Friday, July 01, 2011

As Michelle Rhee Links Arms With The Right, Allies Worry

A related article about the tightrope Rhee must walk, reflecting the reality that the governors pushing hardest on reform are mostly Republicans who are generally anti-union (we at DFER are working to bring more Dems in the fold!):

"She is swimming in some politically choppy waters," Carey says.

In fact, the same criticisms of Rhee's polarizing public persona now come from erstwhile allies, not reform foes. "It's very high risk—people have spent years trying to be clear that we're sending an anti-teacher message, that's something we've been very careful about," says Kate Walsh, president of the National Council on Teacher Quality. "If you instead rattle the cage so much, people begin to fear that you have been full of it, and that you haven't been honest, you lose them."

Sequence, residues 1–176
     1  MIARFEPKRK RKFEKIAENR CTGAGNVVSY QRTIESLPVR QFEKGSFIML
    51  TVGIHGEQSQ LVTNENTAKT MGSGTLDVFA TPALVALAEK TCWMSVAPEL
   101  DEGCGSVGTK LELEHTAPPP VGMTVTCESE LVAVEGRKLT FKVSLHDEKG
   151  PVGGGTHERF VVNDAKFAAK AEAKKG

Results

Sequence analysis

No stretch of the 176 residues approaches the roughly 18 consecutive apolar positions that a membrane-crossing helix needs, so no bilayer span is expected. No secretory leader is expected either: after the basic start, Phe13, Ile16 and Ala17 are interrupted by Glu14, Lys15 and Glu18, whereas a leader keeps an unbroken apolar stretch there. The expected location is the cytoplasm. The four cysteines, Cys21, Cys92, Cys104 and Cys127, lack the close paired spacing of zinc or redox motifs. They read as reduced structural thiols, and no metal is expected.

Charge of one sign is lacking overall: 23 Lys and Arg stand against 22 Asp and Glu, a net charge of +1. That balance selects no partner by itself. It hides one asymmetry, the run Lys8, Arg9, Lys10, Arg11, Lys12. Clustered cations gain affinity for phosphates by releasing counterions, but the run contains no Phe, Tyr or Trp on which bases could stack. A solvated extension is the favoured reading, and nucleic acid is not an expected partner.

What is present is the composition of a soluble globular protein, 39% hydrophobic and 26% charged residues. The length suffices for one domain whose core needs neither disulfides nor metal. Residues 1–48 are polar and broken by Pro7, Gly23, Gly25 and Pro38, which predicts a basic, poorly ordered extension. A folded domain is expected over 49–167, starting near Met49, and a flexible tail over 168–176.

"She may have to work harder to convince people that she's not part of some Republican plot," Williams adds.

There are at least some indications that Rhee may be taking tentative steps to reestablish her bipartisan street cred—a sensible thing to do, given that she's announced plans to raise $1 billion for StudentsFirst, a sum that probably requires dunning liberals and centrists along with right-wingers. Last month, she announced that George Parker—the D.C. teachers' union leader she negotiated with as chancellor—would become a senior fellow at the organization. "I hope, working together again, we can come up with ideas for improving how schools serve children nationally," Rhee wrote in a Huffington Post piece. But can such alliances last? Rhee's friends and foes are waiting, watching—and worrying.



As Michelle Rhee Links Arms With The Right, Allies Worry

By Suzy Khimm on June 24, 2011

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